−d z +d

Figure 13: The Gaussian surface for a Figure 14: The resulting electric ﬁeld plane slab

–15– A Spherical Shell Let’s give one last example that involves surface charge and the associated discontinuity of the electric ﬁeld. We’ll con- sider a spherical shell of radius R,centeredattheorigin, E+ with uniform surface charge density . The total charge is E−

Q =4⇡R2

We already know that outside the shell, r>R,theelectric ﬁeld takes the standard inverse-square form (2.4). What about inside? Well, since any surface with r

2.2 The Electrostatic Potential For all the examples in the last section, symmetry considerations meant that we only needed to consider Gauss’ law. However, for general charge distributions Gauss’ law is not sucient. We also need to invoke the second equation, E =0. r⇥ In fact, this second equation is easily dispatched since E =0impliesthatthe r⇥ electric ﬁeld can be written as the gradient of some function,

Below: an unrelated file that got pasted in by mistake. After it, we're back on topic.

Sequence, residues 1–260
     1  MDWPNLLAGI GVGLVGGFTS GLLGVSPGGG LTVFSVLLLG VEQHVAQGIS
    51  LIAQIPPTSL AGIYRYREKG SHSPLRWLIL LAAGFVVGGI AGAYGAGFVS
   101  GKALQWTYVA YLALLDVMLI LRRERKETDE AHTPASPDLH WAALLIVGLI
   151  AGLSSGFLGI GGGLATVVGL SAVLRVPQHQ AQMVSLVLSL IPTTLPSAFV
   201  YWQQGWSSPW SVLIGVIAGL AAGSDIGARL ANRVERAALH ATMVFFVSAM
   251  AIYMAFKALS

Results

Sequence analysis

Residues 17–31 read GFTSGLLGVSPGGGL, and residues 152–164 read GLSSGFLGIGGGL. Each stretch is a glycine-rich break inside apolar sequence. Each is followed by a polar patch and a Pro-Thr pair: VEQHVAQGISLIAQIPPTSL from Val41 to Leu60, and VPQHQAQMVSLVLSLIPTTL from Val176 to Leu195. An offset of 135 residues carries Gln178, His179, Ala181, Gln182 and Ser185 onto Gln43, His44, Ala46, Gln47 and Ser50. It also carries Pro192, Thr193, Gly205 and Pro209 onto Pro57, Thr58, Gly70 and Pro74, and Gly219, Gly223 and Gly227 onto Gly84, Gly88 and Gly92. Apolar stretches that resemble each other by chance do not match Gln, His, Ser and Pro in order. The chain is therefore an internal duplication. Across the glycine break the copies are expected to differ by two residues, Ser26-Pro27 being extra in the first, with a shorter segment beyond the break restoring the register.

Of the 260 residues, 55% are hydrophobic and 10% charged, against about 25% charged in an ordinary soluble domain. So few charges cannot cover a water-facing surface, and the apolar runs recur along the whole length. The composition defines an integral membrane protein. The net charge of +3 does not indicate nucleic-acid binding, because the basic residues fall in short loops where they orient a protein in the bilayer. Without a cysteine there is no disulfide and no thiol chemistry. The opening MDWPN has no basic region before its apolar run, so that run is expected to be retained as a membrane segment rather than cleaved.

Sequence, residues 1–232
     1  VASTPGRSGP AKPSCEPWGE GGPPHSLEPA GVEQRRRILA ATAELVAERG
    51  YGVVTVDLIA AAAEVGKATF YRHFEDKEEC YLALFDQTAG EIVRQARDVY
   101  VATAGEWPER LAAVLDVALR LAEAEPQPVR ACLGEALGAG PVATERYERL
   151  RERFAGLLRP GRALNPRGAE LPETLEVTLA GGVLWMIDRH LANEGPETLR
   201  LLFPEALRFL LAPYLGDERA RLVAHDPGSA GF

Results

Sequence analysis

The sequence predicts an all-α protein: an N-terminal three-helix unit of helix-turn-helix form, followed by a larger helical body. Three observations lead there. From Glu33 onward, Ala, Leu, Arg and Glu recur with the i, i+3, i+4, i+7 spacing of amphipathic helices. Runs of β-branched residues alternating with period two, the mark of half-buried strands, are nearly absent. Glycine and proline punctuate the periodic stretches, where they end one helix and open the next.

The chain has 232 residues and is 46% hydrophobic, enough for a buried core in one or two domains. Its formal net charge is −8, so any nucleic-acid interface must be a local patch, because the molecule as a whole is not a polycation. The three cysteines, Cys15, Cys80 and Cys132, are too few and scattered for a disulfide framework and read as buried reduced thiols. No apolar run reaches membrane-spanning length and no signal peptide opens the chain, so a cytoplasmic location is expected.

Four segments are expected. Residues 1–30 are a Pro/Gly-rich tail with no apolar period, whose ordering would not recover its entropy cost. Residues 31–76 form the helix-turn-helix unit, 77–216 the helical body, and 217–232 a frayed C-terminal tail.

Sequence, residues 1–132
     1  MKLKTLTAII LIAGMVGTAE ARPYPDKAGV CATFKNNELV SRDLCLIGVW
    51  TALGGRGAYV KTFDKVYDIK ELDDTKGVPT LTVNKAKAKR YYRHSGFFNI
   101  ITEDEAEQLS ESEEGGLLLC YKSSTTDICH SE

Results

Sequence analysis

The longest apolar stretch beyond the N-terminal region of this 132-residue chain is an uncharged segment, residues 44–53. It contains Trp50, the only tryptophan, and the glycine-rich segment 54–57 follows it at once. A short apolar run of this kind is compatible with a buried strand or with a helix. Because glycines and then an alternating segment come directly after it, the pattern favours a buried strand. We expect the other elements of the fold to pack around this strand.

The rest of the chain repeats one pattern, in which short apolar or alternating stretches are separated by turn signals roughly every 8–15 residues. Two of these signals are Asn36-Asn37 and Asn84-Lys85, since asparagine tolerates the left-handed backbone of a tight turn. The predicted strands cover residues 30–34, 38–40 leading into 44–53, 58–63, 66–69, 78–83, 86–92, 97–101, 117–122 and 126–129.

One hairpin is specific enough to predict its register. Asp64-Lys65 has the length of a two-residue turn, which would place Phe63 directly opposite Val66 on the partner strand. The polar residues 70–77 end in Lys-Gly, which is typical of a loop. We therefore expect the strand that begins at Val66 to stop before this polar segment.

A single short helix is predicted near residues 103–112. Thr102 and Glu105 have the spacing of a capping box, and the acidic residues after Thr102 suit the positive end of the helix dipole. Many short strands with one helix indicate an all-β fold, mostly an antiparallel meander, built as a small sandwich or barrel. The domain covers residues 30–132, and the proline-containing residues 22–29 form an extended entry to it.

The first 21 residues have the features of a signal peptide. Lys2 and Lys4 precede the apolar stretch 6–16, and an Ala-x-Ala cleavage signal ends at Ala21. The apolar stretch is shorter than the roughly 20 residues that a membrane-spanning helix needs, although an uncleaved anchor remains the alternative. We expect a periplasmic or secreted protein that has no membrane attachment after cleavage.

E = (2.11) r The scalar is called the electrostatic potential or scalar potential (or, sometimes, just the potential). To proceed, we revert to the original di↵erential form of Gauss’ law (2.1). This now takes the form of the Poisson equation ⇢ ⇢ E = 2 = (2.12) r· ✏0 )r ✏0 In regions of space where the charge density vanishes, we’re left solving the Laplace equation

2 =0 (2.13) r Solutions to the Laplace equation are said to be harmonic functions.

–16– Afewcomments:

The potential is only deﬁned up to the addition of some constant. This seem- • ingly trivial point is actually the beginning of a long and deep story in theoretical physics known as gauge invariance. We’ll come back to it in Section 5.3.1.For now, we’ll eliminate this redundancy by requiring that (r) 0asr . ! !1 We know from our study of Newtonian mechanics that the electrostatic potential • is proportional to the potential energy experienced by a test particle. (See Section 2.2 of the Dynamics and Relativity lecture notes). Speciﬁcally, a test particle of mass m,positionr(t)andchargeq moving in a background electric ﬁeld has conserved energy 1 E = mr˙ r˙ + q(r) 2 ·